o Inviting sinners to Christ
The woman had come to the well with the sole purpose of drawing water for her physical needs. But at the well, she had met the Messiah and received Him. Now she could think of nothing else but the truths she had heard, and the Saviour Who had ministered so kindly to her. Having found “living water” – which could meet her soul’s deepest needs – “the woman then left her waterpot, and went her way into the city” to share her new-found faith with her fellow Samaritans: “Come, see a man, which told me all things that ever I did: is not this the Christ?” (vv 28-29). Constrained by her love for her Saviour, she began immediately to witness for the Lord. This was clear evidence of the gracious work which the Lord had wrought in her.
As she went about to call others to the Saviour, she used no complex arguments. Neither did she enter into a discussion about His claim as the Messiah. She merely invited the men of her city to “Come, see …” the Messiah for themselves.
Her zealous witness for the Lord met with much fruit: “Then they went out of the city, and came unto him” (v 30). They came to Christ to examine Him, that they might know who He was, “for though the woman had been a woman of ill fame, yet such was the account that she gave of Christ, and such power went along with her words, that what with the strangeness of the relation, and the curiosity with which they were led, and chiefly through the efficacy of divine grace, at least in many of them, they were moved to regard what she said, and to follow her directions and solicitations” (Albert Barnes).
Through the woman’s faithful testimony, the people of Samaria came to know the Lord: “And said unto the woman, Now we believe, not because of thy saying: for we have heard him ourselves, and know that this is indeed the Christ, the Saviour of the world” (v 42).
We thank God for His special grace upon poor and needy sinners. He took time to minister to the Samaritan woman and lead her to grace and salvation.
Let us also learn from the Samaritan woman. She was concerned for the salvation of her fellow Samaritans. Having been saved, she was quick to share Christ with them so that they, too, might experience a life of liberty and joy in the Lord.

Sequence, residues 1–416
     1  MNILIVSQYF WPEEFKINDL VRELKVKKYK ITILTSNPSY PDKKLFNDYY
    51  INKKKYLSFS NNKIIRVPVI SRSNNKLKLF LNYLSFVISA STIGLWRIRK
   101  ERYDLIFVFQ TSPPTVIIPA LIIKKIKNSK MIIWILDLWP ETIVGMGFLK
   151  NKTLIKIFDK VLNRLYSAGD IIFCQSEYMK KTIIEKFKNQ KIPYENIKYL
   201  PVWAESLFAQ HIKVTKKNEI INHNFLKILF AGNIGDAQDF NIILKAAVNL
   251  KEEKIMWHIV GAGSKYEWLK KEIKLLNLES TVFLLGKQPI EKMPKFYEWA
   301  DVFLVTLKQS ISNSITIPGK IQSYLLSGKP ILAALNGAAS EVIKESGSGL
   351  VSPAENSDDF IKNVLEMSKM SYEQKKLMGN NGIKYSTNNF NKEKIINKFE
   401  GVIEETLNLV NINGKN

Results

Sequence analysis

Brethren, are we concerned for lost souls? What have we done to reach out to our unsaved loved ones, neighbours and friends? Like the Samaritan woman, let us be zealous to invite others to meet and know our Lord. Find opportunities to speak to them of the Saviour and share our faith with them.
May the following short exhortation from J C Ryle challenge us to go forth with the Gospel of grace: “That which the Samaritan woman here did, all true Christians ought to do likewise. The Church needs it. The state of the world demands it. Common sense points out that it is right. Every one who has received the grace of God, and tasted that Christ is gracious, ought to find words to testify of Christ to others. Where is our faith, if we believe that souls around us are perishing, and that Christ alone can save them, and yet remain silent? Where is our charity if we can see others going down to hell, and yet say nothing to them about Christ and salvation? We may well doubt our own love to Christ, if our hearts are never moved to speak of Him. We may well doubt the safety of our own souls, if we feel no concern about the souls of others” (J C Ryle).